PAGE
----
Giving your Thanksgiving leftovers the royal treatment
Posted on November 23, 2022
Historical fiction writer and previous MasterChef UK winner, Sue Lawrence provides a delicious recipe for your Thanksgiving leftovers.
Image credit: Pro Church Media via Unsplash
If you are from a family with Scottish roots, have guests from Scotland during your Thanksgiving celebrations, or simply enjoy all things Highland, Clans and Tartans, why not try this mouth-watering recipe for your Thanksgiving leftovers.
In The Green Lady, there are descriptions of luxurious dishes served to Mary, Queen of Scots, and members of her Court. These would have been enjoyed by aristocratic families throughout Scotland. Spiced venison pie, capons with rosemary, and partridge pie with ginger are dishes that feature in the book, as does pheasant pottage with prunes.
Pheasant is used often in Scottish recipes, but this crumble can be made either with leftover pheasant or turkey, so here’s a good way to use up leftover Thanksgiving turkey.
Though most crumbles are sweet, this is a delicious savoury crumble that should be served with some good bread and a salad.
Thanksgiving leftovers recipe: Turkey & Mushroom Crumble
About Sue Lawrence
Sue Lawrence is the author of absorbing, popular historical thrillers that cast fascinating light on the perils and injustice that characterised women’s lives in Scotland through centuries past – whether born into penniless or powerful families: The Unreliable Death of Lady Grange, Down to the Sea, The Night He Left and Fields of Blue Flaxand most recently The Green Lady.
She is also one of the UK’s leading cookery writers and broadcasters. Having trained as a journalist, she won BBC’s MasterChef in 1991 and became a food writer, Cookery Editor of the Sunday Times and a regular contributor to Scotland on Sunday and many leading magazines, and she appears frequently on BBC Radio 4’s Kitchen Cabinet. Born in Dundee, she was raised in Edinburgh, where she now lives. She has won two Guild of Food Writers Awards and a Glenfiddich Food and Drink Award and is the author of more than 20 books.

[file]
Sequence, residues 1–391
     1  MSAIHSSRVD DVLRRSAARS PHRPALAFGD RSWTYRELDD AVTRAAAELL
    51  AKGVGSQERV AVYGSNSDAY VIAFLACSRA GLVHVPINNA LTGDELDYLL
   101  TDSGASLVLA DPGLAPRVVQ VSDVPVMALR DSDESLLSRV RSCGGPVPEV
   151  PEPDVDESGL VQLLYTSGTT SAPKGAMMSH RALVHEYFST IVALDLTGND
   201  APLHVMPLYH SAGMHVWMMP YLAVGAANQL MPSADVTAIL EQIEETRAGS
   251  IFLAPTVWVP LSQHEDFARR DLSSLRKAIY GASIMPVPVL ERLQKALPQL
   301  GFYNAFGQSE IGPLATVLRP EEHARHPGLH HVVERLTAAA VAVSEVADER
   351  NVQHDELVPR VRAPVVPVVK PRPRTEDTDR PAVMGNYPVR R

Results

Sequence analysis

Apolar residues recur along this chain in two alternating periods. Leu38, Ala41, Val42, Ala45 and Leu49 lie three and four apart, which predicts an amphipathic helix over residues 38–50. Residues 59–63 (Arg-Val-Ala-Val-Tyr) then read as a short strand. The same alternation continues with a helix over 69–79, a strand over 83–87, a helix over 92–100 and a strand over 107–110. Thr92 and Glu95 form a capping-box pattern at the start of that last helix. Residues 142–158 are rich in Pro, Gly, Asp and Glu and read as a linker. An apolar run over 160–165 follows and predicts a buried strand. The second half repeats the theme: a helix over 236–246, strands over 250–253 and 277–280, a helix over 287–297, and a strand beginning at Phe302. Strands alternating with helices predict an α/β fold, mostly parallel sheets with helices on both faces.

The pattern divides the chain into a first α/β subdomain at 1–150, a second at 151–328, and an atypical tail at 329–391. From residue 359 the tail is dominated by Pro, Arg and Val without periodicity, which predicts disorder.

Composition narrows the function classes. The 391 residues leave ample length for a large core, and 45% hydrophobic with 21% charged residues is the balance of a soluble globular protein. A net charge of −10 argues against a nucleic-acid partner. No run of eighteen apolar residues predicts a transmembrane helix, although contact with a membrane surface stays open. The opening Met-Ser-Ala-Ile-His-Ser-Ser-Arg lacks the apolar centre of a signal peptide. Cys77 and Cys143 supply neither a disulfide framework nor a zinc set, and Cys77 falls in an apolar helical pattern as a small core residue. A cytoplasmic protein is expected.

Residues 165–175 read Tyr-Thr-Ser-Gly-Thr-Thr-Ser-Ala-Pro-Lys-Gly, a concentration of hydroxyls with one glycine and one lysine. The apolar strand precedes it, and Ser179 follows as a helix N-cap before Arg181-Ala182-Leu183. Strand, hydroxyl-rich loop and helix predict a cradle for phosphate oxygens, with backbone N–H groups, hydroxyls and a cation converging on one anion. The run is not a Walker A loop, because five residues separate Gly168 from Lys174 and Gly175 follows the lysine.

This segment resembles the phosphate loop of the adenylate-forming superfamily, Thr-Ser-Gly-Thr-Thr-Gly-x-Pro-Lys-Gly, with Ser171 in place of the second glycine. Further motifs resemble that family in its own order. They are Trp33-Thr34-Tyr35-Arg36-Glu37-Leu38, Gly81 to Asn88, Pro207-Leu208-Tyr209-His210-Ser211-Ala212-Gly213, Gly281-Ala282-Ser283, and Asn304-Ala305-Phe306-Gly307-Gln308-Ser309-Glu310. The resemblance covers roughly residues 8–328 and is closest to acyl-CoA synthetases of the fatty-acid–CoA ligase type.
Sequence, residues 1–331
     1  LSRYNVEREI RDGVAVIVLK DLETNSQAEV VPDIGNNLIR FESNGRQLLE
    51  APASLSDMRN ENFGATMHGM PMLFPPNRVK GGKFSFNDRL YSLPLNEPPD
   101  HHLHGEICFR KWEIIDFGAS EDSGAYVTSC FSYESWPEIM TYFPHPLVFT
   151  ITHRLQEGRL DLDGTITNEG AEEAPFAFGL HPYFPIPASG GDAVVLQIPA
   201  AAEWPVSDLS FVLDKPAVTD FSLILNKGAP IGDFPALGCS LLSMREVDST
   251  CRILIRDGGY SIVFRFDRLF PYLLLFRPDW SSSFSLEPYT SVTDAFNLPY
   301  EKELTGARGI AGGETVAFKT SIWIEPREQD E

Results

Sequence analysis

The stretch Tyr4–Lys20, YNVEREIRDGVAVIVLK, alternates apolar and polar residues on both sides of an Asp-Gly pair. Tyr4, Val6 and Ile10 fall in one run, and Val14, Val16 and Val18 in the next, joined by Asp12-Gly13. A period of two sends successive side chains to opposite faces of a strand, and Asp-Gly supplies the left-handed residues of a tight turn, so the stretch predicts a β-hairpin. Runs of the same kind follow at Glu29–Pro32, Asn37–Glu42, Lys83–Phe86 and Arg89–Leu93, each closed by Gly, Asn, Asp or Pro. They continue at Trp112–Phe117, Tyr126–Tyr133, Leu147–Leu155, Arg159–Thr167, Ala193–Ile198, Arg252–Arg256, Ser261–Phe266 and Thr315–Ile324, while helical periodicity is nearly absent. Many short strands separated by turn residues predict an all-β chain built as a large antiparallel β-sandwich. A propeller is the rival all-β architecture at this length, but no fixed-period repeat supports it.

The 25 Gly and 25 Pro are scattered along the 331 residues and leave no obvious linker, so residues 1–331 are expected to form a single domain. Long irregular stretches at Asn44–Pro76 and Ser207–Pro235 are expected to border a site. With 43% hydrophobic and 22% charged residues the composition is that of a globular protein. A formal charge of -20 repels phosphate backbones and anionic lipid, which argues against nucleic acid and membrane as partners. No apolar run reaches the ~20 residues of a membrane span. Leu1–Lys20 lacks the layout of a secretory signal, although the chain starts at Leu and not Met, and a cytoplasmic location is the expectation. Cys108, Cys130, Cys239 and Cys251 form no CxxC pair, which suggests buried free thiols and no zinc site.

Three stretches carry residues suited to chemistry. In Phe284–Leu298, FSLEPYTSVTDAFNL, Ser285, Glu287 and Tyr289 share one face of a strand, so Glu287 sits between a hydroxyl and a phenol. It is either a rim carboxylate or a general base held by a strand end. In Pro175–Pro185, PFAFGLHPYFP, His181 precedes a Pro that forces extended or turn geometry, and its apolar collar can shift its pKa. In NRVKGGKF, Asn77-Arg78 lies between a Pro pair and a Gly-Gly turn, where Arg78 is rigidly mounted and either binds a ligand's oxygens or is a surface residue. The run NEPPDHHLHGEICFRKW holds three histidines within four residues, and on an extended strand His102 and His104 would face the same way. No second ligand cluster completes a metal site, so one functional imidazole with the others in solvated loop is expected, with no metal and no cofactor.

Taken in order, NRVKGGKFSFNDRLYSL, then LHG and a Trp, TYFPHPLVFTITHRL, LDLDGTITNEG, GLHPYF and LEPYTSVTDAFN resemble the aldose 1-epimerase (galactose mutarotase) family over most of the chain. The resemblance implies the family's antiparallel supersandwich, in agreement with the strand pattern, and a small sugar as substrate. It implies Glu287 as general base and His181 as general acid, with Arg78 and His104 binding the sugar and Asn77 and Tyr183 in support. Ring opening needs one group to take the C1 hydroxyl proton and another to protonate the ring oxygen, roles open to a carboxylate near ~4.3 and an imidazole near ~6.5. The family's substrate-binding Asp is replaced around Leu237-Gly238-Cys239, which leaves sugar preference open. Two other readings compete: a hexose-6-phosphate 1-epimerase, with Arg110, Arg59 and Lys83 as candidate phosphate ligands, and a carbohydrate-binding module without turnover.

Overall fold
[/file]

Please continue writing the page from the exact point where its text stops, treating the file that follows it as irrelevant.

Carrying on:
The Green Lady
The Unreliable Death of Lady Grange
Edinburgh, January 1732: It is Lady Grange’s funeral. Her death is a shock: still young, she’d shown no signs of ill health. But Rachel is, in fact, alive and (mostly) well. She’s been brutally kidnapped by the man who has falsified her death – her husband of 25 years, a pillar of society with whom she has raised a family. Her punishment, perhaps, for railing against his infidelity – or for uncovering evidence of his treasonable plottings against the government. Whether to conceal his Jacobite leanings, or simply to ‘replace’ a wife with a long-time mistress, Lord Grange banishes Rachel to the remote Hebridean Monach Isles, from where she’s removed again to distant St Kilda, far into the Atlantic – to an isolated life of primitive conditions, with no shared language – somewhere she can never be found.
This is the incredible and gripping story of a woman who has until now been remembered mostly by her husband’s unflattering account. Sue Lawrence reconstructs a remarkable tale of how the real Lady Grange may have coped with such a dramatic fate, with courage and grace.
Down to the Sea
When Rona and Craig buy a large Victorian house up from Edinburgh’s Newhaven district – once teeming with fishing boats – they plan to renovate and set it up as a luxury care home. But something is not quite right: disturbing sounds can be heard when the sea mists swirl; their unpredictable neighbour makes it clear that the house was not always a happy family home. And their ‘characterful’ historic pile has a gloomy cellar harbouring relics from days gone by.
Back in the 1890s, superstitious fishwives blame young Jessie for the deaths of their menfolk in a terrible storm, and she’s forced into the Newhaven Poorhouse. In those less enlightened times, life was often severe, cruel even, and Jessie is entirely at the mercy of a tyrant matron. But one inmate is not all she seems. Jessie begins to pick at the truth, uncovering the secrets and lies that pervade the poorhouse – and which will have profound and dangerous consequences in the future.